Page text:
How a film of this dubious quality got into the same level of competition with films like "Sana Dati" or "Ekstra" I would never know. But I'm getting ahead of myself.
"Amor Y Muerte" is set in the 16th century in Polo, Bulacan, at about the time of Lakandula's revolt in Tondo. A native Tagala named Amor is married to a Spanish official named Diego. From being completely lusty and free from inhibitions, Amor gets slowly transformed into the sedate, straight-laced Spanish señora her husband wants her to be.
One day, Diego calls on a wild man from the forest named Apitong to bring a python to control the rats infesting their house. Apparently, Apitong was Amor's old beau and seeing him again wakes Amor's passion. When Diego was summoned to Manila to help quell Lakandula's rebellion, Amor seizes the opportunity to rekindle her long-repressed carnal desires. As with all stories about infidelity, we all know already how this will all end.
The actors' wretched acting made watching this supposedly dramatic film inadvertently and excruciatingly funny. The acting from the three leads was embarrassingly amateurish. There was nothing natural about any of them. Everything looked very staged and mechanical.
Given his previous clean-cut image, the numerous nude bed scenes by Markki Stroem was the unexpected novelty factor for this film. However, he was always so stiff when he was moving. He was very stilted in the delivery of his lines. Neither his Spanish nor this Tagalog with Spanish accent were convincing. He looked completely miscast in his role.
Althea Vega is an exotic morena beauty with a healthy bosom and stern eyebrows, in the lines of Techie Agbayani or Maria Isabel Lopez. Everything she did was artificial, exaggerated and hysterical. While those her excessively loud love-making noises may have been indicated in the screenplay, but her unnatural reactions when she sees rats or snakes were out of this world.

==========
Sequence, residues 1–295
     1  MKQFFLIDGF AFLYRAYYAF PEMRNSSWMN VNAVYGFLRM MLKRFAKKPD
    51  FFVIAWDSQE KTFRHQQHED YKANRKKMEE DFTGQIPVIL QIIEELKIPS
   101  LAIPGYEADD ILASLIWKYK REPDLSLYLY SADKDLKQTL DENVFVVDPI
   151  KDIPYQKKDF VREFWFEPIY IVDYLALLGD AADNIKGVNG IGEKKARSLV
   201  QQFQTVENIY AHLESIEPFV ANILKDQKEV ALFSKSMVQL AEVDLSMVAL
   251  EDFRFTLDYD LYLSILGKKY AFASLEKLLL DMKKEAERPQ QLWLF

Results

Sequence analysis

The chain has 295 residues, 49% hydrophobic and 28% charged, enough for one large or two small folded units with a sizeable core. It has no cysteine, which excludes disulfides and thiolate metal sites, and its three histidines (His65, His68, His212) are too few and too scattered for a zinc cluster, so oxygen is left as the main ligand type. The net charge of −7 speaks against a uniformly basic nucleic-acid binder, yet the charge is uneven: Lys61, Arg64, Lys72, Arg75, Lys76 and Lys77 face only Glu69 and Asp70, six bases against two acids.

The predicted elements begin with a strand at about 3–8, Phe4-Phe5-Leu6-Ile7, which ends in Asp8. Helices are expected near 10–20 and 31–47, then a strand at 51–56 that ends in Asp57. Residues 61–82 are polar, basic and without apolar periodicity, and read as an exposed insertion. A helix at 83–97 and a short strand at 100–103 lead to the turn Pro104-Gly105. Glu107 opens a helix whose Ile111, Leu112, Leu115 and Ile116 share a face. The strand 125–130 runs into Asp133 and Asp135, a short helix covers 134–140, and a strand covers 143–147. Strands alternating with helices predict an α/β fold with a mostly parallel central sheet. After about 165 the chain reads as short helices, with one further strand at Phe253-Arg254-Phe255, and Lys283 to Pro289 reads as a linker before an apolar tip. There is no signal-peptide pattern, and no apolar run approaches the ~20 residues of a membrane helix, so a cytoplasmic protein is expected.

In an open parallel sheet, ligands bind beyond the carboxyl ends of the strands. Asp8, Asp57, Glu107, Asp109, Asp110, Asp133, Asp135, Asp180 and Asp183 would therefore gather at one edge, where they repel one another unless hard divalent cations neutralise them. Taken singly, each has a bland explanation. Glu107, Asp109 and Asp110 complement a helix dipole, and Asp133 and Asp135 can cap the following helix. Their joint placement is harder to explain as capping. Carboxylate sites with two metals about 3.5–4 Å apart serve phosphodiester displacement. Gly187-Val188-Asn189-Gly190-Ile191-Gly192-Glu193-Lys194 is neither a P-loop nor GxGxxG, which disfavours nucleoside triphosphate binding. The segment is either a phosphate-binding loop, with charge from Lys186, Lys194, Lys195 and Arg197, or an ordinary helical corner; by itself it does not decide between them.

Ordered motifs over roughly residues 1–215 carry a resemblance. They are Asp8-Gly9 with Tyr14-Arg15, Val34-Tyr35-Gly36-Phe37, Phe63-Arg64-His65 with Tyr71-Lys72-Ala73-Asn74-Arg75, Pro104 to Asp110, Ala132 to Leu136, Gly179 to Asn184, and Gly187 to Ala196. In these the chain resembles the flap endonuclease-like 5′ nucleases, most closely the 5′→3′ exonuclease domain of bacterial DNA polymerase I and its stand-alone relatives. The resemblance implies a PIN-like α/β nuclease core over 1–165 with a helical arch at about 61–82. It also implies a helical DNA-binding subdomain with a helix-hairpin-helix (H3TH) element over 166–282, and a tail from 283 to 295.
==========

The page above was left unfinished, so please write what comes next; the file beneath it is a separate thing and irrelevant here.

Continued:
The story is old-hat adultery tale transported to the 16th century. However, they could not even convince us that we were in the 16th century Philippines. The worst offender were those scrolls which held religious teaching. Those were obviously modern-day translucent paper, held by what looked like plastic rods, with text written using markers! The costumes and the make-up could have been a lot better, but I give that pass because of limited budget.
I would give this production a star for its audacity to bring back a lost genre in local movies-- the bold flicks that the Experimental Cinema of the Philippines made "legit" back in the 1980s. Ultimately, "Amor Y Muerte" is simply soft porn flimsily disguised as a historical commentary about the bad effects of Spanish colonization on Filipino pre-colonial life and culture.
Also, an additional star goes to the late Amable Quiambao, whose acting was the best of the whole cast (though that is not really saying much). For her quiet role as Amor's Tia Soledad, a former "katalonan" ("spiritual leader") converted to Catholicism, I believe she is already a lock for a posthumous Best Supporting Actress Award.
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